I had never heard of clinker bricks until I visited my cousin in Edmonton this summer. She showed me a church that is partially constructed of clinker bricks. What are clinker bricks, you ask?
When fired in early brick kilns, the surface of bricks that were too close to the fire changed into volcanic textures and darker, often purplish colors. Typically they were discarded but around 1900, these bricks were discovered to be usable and distinctive in architectural detailing, adding a charming earthy quality to buildings. The hardened residue of coal fires is called clinker, thus these mutant bricks found a name. In Europe, it is spelled klinker.
Holy Trinity Anglican Church in Edmonton was built in 1913 using the distinctive clinker brick adding a rich tapestry to the Gothic design. Rather than the usual conformity of bricks, each clinker brick is unique, its shape and colour determined by its nearness to the fire. This church, celebrating its first century this year, aptly demonstrates the techniques used in combining ordinary smooth bricks with fused irregular clinkers.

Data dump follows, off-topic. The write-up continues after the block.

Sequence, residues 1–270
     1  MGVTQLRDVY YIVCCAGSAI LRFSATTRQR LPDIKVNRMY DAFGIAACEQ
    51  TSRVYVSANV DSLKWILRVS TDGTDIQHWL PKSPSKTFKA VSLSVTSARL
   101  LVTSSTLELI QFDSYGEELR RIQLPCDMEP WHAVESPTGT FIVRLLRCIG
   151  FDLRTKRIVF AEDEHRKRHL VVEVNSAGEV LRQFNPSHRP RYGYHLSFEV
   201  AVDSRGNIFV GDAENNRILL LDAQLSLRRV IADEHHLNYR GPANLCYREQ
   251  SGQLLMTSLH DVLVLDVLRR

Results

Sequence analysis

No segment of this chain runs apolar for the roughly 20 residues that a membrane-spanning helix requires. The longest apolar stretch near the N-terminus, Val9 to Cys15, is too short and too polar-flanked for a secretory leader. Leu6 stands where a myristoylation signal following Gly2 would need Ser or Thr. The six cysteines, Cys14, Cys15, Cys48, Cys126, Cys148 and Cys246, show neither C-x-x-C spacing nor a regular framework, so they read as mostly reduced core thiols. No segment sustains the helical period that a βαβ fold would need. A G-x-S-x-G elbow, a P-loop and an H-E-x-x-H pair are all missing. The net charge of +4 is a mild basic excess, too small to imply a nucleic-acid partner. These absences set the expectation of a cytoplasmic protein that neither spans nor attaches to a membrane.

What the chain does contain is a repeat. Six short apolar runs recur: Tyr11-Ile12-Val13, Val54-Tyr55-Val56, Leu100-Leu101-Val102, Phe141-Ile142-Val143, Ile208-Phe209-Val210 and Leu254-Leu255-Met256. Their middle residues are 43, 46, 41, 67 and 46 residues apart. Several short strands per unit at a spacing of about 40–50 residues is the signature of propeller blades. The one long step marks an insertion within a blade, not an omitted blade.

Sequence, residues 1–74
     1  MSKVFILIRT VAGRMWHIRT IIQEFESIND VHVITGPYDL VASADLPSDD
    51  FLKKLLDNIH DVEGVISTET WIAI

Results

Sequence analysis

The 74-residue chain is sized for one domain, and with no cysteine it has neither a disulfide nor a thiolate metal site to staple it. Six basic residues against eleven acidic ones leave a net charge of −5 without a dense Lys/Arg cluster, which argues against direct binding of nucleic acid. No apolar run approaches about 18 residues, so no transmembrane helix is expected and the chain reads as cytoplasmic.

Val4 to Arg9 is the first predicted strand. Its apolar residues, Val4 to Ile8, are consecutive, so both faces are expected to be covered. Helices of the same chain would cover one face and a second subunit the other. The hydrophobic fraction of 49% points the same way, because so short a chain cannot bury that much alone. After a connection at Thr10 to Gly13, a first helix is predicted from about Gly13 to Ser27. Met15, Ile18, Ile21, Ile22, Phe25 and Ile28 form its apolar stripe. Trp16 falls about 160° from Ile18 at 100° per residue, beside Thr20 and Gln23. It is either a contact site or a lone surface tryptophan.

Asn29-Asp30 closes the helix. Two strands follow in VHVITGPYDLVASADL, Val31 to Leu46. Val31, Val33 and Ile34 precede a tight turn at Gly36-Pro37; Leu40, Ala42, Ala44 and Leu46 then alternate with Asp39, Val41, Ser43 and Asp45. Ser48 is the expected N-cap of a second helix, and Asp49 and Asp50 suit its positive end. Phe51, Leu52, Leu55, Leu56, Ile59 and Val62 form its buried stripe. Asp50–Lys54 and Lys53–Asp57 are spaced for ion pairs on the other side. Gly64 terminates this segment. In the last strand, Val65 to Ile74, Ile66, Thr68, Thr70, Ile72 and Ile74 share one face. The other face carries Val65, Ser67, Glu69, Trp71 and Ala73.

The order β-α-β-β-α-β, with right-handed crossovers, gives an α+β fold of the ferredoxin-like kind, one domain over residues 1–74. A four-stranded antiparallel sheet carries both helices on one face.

Once the charm of clinker bricks was recognized, it was often used on the stylish homes of the exceedingly wealthy. Edmonton still has a few upscale houses that were built using clinkers.